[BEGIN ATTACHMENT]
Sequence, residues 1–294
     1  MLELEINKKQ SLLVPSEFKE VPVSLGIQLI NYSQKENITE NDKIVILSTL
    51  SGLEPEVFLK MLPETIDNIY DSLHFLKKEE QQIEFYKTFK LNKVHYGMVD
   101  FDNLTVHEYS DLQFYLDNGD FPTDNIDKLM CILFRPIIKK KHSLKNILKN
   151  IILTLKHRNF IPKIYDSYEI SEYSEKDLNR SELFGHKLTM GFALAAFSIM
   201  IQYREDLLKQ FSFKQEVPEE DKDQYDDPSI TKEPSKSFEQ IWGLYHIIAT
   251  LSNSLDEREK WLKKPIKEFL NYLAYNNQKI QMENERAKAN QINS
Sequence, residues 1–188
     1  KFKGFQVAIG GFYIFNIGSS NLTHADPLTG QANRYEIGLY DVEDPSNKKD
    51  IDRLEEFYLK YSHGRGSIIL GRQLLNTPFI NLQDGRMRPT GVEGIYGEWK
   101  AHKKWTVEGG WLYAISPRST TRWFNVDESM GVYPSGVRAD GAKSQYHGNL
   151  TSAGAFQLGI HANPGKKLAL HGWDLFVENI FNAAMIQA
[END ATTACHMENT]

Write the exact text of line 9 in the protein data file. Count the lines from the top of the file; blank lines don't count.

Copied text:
     1  KFKGFQVAIG GFYIFNIGSS NLTHADPLTG QANRYEIGLY DVEDPSNKKD